They rely more on the views of the West. We rely on our views. Sure, the good views we have adopted from socialists in the past. We have since related them to our situation and adapted them to the realities of our own country. We have not allowed them to dominate our thinking.
NN: On elections, there have been different statements from political leaders. Some say the political landscape is not yet ripe for an election. What is your position regarding this issue?
President Mugabe: That is what the cowards say. You never get a time for elections.
Elections can happen at any time. Anytime can be election time in any country.
So, whether it is winter, spring or summer; whether the going is good or not good, in fact, where you have democratic order and you have opposition parties, the opposition parties will always say you have run down the economy.
They don't say we will wait for you to improve the economy for us to go to elections because it is a poor economy as it is. If the party in power gives you conditions, no matter the conditions, you read these to provide grounds to overthrow the other party. You don't wait for spring; you go for elections.
NN: So there will be an election this year?
President Mugabe: Definitely, yes.
NN: Are the resources available?
President Mugabe: You must find resources for elections. You just must.
NN: You lost a good number of parliamentary seats in 2008. Is your party strong enough to face an election this year?
President Mugabe: We are strong. We have never feared, even yesterday in 2008. We had a rerun.
NN: In 2008, the odds seemed against you and Zanu-PF.
President Mugabe: We had a rerun.
NN: What was your reaction when the results of the first round of elections came through?
President Mugabe: We knew we had spoilt things for ourselves within the party. There were negative forces within the party.
NN: Do these negative forces still exist and how have they been addressed?
President Mugabe: Well, those who pulled out of the party like Simba Makoni and Dumiso Dabengwa and, of course, you also had the factions. Some people thought that if the President was defeated, as long as the parliamentary election went well and we had the majority, we would still rule the country. There are those who wanted the President to go.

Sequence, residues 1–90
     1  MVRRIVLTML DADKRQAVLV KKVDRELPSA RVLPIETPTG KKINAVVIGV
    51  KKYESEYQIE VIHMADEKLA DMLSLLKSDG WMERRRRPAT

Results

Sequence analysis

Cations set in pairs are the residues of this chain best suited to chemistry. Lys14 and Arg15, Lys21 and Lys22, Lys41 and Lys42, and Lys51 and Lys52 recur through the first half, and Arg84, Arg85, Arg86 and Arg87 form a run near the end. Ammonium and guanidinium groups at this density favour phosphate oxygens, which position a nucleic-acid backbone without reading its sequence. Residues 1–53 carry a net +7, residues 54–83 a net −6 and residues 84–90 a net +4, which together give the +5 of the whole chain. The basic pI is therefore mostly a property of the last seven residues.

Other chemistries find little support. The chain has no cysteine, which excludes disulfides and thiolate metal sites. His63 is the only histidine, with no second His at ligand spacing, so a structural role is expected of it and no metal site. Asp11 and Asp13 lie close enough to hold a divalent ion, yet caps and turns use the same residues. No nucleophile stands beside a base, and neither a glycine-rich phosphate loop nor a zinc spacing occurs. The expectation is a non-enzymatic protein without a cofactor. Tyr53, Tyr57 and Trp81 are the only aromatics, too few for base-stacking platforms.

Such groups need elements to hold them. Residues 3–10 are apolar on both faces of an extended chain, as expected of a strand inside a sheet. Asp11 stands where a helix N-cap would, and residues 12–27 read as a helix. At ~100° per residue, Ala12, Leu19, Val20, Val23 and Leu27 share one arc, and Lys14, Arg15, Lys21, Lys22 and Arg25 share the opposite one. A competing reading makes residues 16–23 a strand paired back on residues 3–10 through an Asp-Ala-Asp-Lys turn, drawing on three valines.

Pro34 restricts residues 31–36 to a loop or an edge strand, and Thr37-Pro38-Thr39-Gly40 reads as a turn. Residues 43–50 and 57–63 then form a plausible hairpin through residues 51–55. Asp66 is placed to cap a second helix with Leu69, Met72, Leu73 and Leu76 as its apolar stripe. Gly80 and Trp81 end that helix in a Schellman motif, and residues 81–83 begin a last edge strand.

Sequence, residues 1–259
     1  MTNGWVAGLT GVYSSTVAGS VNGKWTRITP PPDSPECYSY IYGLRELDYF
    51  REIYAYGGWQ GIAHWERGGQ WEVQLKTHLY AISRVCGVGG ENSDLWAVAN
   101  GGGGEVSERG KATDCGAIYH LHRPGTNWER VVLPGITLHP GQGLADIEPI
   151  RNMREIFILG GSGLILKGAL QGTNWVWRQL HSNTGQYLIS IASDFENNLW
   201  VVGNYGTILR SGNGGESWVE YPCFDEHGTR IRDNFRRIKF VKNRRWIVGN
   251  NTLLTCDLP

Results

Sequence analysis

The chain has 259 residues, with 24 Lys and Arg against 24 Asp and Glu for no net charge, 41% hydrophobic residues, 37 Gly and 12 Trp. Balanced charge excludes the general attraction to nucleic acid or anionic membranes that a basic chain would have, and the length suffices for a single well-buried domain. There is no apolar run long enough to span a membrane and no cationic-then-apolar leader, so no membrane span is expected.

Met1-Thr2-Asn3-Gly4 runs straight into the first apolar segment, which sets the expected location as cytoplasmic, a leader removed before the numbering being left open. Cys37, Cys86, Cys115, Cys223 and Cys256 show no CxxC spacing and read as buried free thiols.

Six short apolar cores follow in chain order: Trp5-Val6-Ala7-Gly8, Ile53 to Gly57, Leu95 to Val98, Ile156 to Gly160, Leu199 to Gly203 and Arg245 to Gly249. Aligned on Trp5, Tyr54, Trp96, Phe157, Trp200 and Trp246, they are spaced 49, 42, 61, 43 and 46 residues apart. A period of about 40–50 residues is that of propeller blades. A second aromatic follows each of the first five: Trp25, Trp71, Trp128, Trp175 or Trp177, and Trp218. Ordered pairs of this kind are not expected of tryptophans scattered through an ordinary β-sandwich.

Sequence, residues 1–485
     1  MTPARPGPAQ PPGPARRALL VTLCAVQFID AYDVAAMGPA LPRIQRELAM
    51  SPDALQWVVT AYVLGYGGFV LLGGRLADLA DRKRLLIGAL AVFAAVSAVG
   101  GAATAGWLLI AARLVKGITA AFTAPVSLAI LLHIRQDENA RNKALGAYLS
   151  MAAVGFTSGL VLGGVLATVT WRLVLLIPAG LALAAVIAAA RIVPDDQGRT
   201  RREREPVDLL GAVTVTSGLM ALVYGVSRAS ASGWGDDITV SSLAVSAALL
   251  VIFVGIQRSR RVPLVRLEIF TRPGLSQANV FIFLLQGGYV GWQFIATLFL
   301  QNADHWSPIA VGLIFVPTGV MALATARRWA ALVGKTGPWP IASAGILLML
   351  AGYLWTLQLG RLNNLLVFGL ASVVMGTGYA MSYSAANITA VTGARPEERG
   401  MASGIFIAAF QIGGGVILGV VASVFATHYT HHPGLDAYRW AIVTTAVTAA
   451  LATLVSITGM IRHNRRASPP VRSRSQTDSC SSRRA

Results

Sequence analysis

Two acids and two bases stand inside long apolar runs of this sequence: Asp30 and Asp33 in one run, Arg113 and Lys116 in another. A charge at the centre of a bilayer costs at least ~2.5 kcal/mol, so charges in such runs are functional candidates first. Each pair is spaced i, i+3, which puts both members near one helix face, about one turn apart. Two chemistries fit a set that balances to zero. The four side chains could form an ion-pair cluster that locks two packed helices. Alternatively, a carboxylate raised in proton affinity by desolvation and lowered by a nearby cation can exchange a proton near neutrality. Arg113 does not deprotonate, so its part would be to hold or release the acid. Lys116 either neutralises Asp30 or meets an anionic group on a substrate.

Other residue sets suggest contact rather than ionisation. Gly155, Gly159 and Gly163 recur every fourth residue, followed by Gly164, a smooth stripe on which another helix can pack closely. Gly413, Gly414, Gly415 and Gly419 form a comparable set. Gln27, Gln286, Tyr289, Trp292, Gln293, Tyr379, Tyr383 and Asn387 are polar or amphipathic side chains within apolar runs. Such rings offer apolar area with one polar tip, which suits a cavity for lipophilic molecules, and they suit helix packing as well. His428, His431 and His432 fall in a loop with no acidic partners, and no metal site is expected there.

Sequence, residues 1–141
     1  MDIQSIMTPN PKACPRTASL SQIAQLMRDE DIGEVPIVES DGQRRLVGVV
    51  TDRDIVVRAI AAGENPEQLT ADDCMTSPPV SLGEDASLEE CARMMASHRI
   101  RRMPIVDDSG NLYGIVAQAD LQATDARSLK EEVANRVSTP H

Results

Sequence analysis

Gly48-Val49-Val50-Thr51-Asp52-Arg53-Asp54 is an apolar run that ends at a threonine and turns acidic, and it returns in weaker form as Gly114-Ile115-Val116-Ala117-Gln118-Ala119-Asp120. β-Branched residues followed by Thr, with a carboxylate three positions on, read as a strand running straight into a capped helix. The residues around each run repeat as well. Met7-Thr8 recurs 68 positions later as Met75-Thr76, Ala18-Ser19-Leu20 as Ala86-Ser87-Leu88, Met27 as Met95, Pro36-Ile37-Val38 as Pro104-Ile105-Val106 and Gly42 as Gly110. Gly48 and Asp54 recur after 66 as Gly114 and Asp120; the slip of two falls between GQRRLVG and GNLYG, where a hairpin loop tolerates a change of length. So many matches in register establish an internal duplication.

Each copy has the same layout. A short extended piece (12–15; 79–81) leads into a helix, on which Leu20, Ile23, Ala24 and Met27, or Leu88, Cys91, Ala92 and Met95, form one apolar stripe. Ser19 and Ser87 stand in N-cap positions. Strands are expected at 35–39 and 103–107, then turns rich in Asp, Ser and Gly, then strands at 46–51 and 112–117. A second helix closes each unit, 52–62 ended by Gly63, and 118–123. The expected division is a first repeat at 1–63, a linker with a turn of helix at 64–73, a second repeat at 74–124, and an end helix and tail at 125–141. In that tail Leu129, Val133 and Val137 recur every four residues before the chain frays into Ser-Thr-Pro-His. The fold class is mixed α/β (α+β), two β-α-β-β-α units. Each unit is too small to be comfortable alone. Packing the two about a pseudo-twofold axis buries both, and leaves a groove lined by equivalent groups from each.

That was foolish thinking. They didn't know that this was a David and Goliath thing. If your man is defeated that's it. It doesn't matter how many seats you get.
NN: We are told there are groups in Zanu-PF positioning themselves to succeed you. Are you aware of such groups?
President Mugabe: Those you cannot avoid. But, they are not as serious. All the people (to say all is to be too absolute) support that I stand. There is no one who can stand and win at the moment. You have got to groom a candidate. You can't just get someone and put them in the forefront. You must groom a successor.
NN: Are you looking into that, grooming a successor?
President Mugabe: Not yet. That will cause much more divisions within the party.
NN: Turning to the economy, for several years now, Zimbabwe's economy has been in the doldrums. Industrial production remains low and thousands of graduates are failing to secure jobs. The introduction of the multi-currency system, undoubtedly, ushered in economic stability, yet real growth is yet to be registered. What is the solution to
Zimbabwe's economic problems?
President Mugabe: We have sanctions, as you know, and we are also affected by what has happened in the international arena. It is mainly the sanctions that have affected us.
But with the discovery of diamonds and platinum and a gradual improvement in investment, we are optimistic that given one year or two, an improvement would have taken place.
Of course, this Global Political Agreement, this Government has also been obstructive.
You have the Minister of Finance and you give the Minister of Finance some autonomy. He makes some decisions and those decisions are not always of a nature that is promotive, economically.
You take the fact that, for example, we had over US$500 million in SDRs (Special Drawing Rights). He just sat on them. Instead of using that money to bolster up the economy, inject it into companies that needed finance for raw materials or spare parts so that they could be more productive, he just sat on them.
He said they are for balance of payments, but balance of payments is a battle between export and imports. If imports dominate exports, then you are in trouble and you don't hope that by using SDRs you are curing the problem; the deficit in an effective way, no.
Inject what money you have into production.
Boost your exports and then you are taking care of your imports. You can do both, of course, if you are able to. This is just one example. And then there is the neglect of agriculture.
Farmers are always ready, raring to go. But we fail them. They don't have inputs even where they have the money. Just imagine: they could not get fertiliser for two reasons: fertiliser was scarce and where it was available they didn't have money to purchase it. Why? Because their money was locked up in deliveries of maize and wheat that have not been paid for by the Minister of Finance.